What Is Hemophilia?
- bleeding disorder;
- blood does not clot;
- one in 10,000 people;
- patients bleed easily;
- three forms: A, B, and C;
- A: deficiency in factor VIII;
- B: deficiency in factor IX;
- C: deficiency in factor XI (Kahn, 2016).
Hemophilia is a life-threatening disease in which blood does not clot appropriately (Kahn, 2016). Patients can have spontaneous bleeding that is rather hard to stop.
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- excessive bleeding;
- blood in the stool;
- deep bruises;
- big bruises;
- frequent nosebleeds;
- joint pain;
- tight joints;
- blood in the urine (Kahn, 2016).
The first symptoms may develop at the age of two (Kahn, 2016). In children, symptoms are quite irritable. A person may bleed for no reason at all or as a result of trauma.
- joint damage;
- chronic swelling;
- joint deformity;
- viral infection;
- depression (“Complications of having,” 2017).
The most usual complication caused by hemophilia is problems with joints (“Complications of having,” 2017). Other complications include the development of viral infections and serious psychological disorders associated with the health condition.
- screening tests;
- clotting factor tests;
- complete blood count (CBC);
- CBC: hemoglobin amount;
- activated partial thromboplastin time test (APTT);
- APTT: how long it takes to clot;
- APTT: clotting ability of factors VIII, IX, XI, and XII;
- prothrombin time test;
- fibrinogen test (“Hemophilia,” 2017).
There is a variety of tests to check whether a person has hemophilia and what type he or she has. With the help of these tests, doctors can create the most suitable plan of treatment.
Hemophilia Health Promotion
- wellness programs;
- education for newly diagnosed people;
- the transition from teen to young adult age;
- “steps for living”;
- prevention programs;
- maintaining a healthy weight;
- vaccinations against hepatitis;
- emergency preparedness (“Hemophilia,” 2017).
National Hemophilia Foundation promotes a variety of promotional activities to help families in which someone suffers from hemophilia. Special wellness programs are created, and advice is given to families at each period of patients’ life (“Hemophilia,” 2017).
- quality care is needed;
- comprehensive treatment centers;
- replacement of blood clotting factor;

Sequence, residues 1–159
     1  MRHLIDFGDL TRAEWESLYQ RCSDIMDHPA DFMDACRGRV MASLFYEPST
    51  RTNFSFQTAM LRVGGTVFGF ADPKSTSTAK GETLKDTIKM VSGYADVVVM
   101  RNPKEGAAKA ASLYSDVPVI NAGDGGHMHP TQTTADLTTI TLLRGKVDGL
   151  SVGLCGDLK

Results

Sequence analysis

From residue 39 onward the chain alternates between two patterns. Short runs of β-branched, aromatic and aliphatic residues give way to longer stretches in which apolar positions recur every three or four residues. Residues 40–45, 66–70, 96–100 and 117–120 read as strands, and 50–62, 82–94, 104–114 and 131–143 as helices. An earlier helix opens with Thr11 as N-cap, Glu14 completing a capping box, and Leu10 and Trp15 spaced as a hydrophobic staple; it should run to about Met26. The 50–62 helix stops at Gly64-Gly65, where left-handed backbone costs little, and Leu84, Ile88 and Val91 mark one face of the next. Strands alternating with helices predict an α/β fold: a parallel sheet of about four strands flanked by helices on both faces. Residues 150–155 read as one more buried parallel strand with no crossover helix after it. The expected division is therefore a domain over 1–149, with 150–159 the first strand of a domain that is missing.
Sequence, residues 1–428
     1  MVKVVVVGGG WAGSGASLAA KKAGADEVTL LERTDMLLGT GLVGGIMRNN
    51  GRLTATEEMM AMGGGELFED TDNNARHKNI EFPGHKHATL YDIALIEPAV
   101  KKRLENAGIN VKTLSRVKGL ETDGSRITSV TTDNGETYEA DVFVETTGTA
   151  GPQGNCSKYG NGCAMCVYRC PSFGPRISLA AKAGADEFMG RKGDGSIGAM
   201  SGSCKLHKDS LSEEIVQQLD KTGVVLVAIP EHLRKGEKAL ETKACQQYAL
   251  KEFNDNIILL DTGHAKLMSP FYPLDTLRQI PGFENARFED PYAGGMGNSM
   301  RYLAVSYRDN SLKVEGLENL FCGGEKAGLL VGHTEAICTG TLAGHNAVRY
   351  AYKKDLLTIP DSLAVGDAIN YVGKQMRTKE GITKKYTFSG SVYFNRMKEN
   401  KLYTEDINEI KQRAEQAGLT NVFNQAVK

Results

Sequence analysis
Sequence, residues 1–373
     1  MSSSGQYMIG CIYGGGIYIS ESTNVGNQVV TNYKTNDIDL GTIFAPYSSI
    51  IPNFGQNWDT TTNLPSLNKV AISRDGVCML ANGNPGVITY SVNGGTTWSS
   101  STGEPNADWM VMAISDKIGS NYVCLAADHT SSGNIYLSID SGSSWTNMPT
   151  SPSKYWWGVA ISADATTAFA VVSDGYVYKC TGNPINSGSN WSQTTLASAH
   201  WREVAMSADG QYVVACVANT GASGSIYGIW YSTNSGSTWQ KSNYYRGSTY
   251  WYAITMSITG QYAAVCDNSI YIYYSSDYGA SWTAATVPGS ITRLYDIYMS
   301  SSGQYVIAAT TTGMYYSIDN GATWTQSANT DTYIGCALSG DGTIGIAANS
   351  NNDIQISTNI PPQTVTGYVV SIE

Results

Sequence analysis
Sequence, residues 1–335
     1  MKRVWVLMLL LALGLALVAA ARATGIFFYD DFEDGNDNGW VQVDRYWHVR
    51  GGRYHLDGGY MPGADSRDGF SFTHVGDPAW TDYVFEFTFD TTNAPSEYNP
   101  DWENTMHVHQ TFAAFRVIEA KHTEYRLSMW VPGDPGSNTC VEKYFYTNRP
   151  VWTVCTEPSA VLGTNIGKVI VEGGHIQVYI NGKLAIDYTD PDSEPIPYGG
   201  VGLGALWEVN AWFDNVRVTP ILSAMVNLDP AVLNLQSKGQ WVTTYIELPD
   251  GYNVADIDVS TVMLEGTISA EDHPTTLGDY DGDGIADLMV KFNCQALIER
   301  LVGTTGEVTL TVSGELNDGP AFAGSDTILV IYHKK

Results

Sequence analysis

- plasma-derived factor concentrates;
- recombinant factor concentrates;
- Desmopressin Acetate;
- Epsilon Amino Caproic Acid;
- Cryoprecipitate (“Hemophilia,” 2017).
There are many treatment methods available. The most common treatment is replacing the deficient blood clotting factor by specially prepared concentrates (“Hemophilia,” 2017).
- help patients to cope with their condition;
- help the family to understand their sick relative better;
- carried out in health centers;
- cognitive therapy;
- behavioral therapy;
- systemic therapy;
- psychodynamic psychotherapy;
- psycho-education (Cassis, Emiliani, Pasi, Palareti, & Iorio, 2012).
Psychological interventions are no less crucial than informing families about the physical specifications of the disease (Cassis et al., 2012). With the help of such interventions, families learn how to support their children or siblings.
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- education enhances patient care;
- education accommodates skills;
- patients learn to recognize symptoms;
- patients can identify complications;
- families learn about psychological problems;
- families are taught to treat bleeding episodes;
- instruction about prevention;
- family-centered approach (“Hemophilia,” 2017).
Local hemophilia centers and other facilities organize education for families whose members have hemophilia. With the help of such educational programs, specialists teach the population about the most common ways of preventing injuries and managing the symptoms of hemophilia (“Hemophilia,” 2017).
National Resources: Hemophilia and AIDS/HIV Network for the Dissemination of Information (HANDI)
- started in 1991;
- with support from National Hemophilia Foundation;
- answers questions;
- gives advice;
- provides educational materials;
- explains treatment complications;
- deals with psychosocial issues;
- articles and videos (“HANDI,” 2017).
HANDI was initiated by the National Hemophilia Foundation (“HANDI,” 2017). Its major aim is to provide support and guidance for people suffering from hemophilia and their family members.
Local Resources: Central New York Bleeding Disorders Association (CNYBDA)
- charity organization;
- for people with blood disorders;
- promotes awareness;
- facilitates support;
- promotes self-care;
- establishes research;
- promotes proper treatment;
- facilitates education (“Central New York,” 2017).
CNYBDA aims at helping people with hemophilia to learn more about their health condition. Moreover, the association helps people by free educational materials and arranges a variety of promotional campaigns (“Central New York,” 2017).
Cassis, F., Emiliani, F., Pasi, J., Palareti, L., & Iorio, A. (2012). Psychological interventions for people with hemophilia (Protocol). Web.
Central New York Bleeding Disorders Association. (2017). Web.
Complications of having a bleeding disorder. (2017). Web.
HANDI, NHF’s information resource center. (2017). Web.
Hemophilia. (2017). Web.
Kahn, A. (2016). Hemophilia. Healthline. Web.